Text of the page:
Truthful Eyes: Part III

“Hello,” Isea called, coming around the stone wall with ivy growing over it. They all looked up at her, squinting and smiling. They said, “Hello, Isea”, “What mischief have you been up to without me, then?”, and “What took you so long?”

“Sorry,” Isea said, without sounding too sorry. “I didn’t know what to have for lunch.” She sat down in the middle of Betty and Alice on the bench, where she belonged, and unwrapped her peanut butter and banana sandwich.

“Betty,” Alice inquired, “Did you give much thought to your lunch?” Her pale green eyes, with rings of gold around the pupils like suns, watched Betty with a certain wit and funniness about them.

Betty snapped out of her daze and blinked. She looked all around herself in bewilderment, and finally noticed Alice watching her with her bright green eyes. “Ah, no… sorry,” she mumbled, and slipped back into her daze again. Her hands were clasped in the lap of her pale dress. Her fair curly hair was always down in careless tangles around her shoulders because she always forgot to comb it. Her blue vague eyes seemed to look upwards and into the distance, but not looking really at all. They reflected the sky.

Alice and Isea looked at each other with secret knowing grins.

Isea shifted on the bench to face Betty. “Betty, do you know I finally found an idea for you?” she said so boldly that Betty was suddenly paying her her full attention.

“Spit it out, love. I’m glad that you caught one finally,” she said with a certain twinkle in her eye.

Isea told them about her idea of the tree.

“Be sure to tell me any more ideas,” Betty murmured hungrily, perhaps because she had forgotten her lunch.

“There is something about you. I don’t know what,” Gwendoline said softly from where she was—in the middle of their two benches because of her wheelchair. “You always seem to see things as they are. Never mind the frills and shallow exteriors—you always seem to understand.”

“I think that it’s true, Isea. You seem to have some sort of ability. I can almost feel it,” Alice said, while pulling a strand of her wild red hair out of her mouth that had somehow gone in with her sandwich. Alice wrapped her dark emerald green sleeved arm around Isea.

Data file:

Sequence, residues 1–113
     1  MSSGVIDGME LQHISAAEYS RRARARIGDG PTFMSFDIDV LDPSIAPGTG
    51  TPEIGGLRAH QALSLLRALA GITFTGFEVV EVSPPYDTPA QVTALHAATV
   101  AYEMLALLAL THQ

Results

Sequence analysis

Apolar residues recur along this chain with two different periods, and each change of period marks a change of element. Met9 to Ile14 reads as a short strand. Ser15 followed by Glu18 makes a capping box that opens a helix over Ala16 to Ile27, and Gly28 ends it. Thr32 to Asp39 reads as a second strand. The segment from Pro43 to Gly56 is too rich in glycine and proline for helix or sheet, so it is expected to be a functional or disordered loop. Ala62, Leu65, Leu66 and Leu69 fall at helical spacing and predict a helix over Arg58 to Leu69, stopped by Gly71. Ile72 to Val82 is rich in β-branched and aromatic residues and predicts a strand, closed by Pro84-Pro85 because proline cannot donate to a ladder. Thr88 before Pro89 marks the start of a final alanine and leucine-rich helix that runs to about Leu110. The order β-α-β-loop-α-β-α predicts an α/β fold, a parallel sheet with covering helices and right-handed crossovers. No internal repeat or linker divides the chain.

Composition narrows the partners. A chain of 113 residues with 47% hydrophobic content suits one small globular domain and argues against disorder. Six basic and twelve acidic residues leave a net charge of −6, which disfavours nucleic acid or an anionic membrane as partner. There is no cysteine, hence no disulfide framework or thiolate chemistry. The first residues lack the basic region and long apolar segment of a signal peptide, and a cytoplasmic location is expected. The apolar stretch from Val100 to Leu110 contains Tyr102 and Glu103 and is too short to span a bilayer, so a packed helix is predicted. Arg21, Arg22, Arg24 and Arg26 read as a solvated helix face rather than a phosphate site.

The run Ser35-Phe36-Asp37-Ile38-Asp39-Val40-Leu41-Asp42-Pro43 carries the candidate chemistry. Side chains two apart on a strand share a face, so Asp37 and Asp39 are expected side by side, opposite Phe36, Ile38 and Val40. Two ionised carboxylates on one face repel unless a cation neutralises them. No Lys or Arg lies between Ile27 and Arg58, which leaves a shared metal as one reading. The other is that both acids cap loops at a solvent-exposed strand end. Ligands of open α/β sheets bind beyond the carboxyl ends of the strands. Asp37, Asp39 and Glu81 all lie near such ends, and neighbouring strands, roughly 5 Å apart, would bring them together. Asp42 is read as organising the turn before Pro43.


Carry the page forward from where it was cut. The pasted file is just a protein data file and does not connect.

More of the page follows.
Isea did not know what they meant, but she felt whatever it was it had been a compliment, and it made her feel happy inside.

Violet sat on the second bench beside the one Alice, Betty, and Isea sat on, with Ron and Wilfred beside her. Comet, her seventh and alpha cat over the rest, sat in his place on her lap. The rest—Twinkle, Star, Lunar, Space Station, Asteroid, and Flash—were all carefully and lavishly licking up their noon meal around a large wooden bowl. Violet seemed to have forgotten her lunch as well. As a matter of fact, Isea had never seen her eat anything before. She had barely heard her speak. She never could decide what it was about Violet which made all seven cats follow her wherever she went. Isea always fantasised about what being a mysterious cat lady might be like before she met Violet.

“Maybe you would like to come out on my scooter ‘ere with me,” Ron suggested ‘helpfully’, patting its shiny red front. He sat in the middle of Violet and Wilfred. “That’s how to get a good view of the trees, isn’t it?” he said eagerly and enticingly.

Wilfred was miserably staring at a pebble on the ground. Sometimes he did not say very much and only grumbled, but sometimes he made everyone laugh. It seemed today was one of those days when he only grumbled.

“No, thank you,” Isea answered politely. Everyone who knew Ron always politely turned him down when he offered them a ride on his scooter with him. They knew he always went dangerously too fast.

Isea’s eyes and Wilfred’s met and they smiled at each other. “I will see you tomorrow,” Isea said, getting up and brushing the crumbs off of her black dress skirt. “I must write something down in The Book before I forget it.”

“Isea, come over to me before you leave, please,” said Gwendoline, unseeingly holding out her small hand in the air. She was blind. Her golden hair either looked bright, or dark, and today it looked almost white in the sunshine. Isea came over and put her hand in Gwendoline’s.

“Come and read me your story soon, won’t you?” Gwen said in a mischievous whisper. “You know I love your stories.”

“I will…I promise,” Isea whispered. Isea turned away and walked around the ivy-covered wall.


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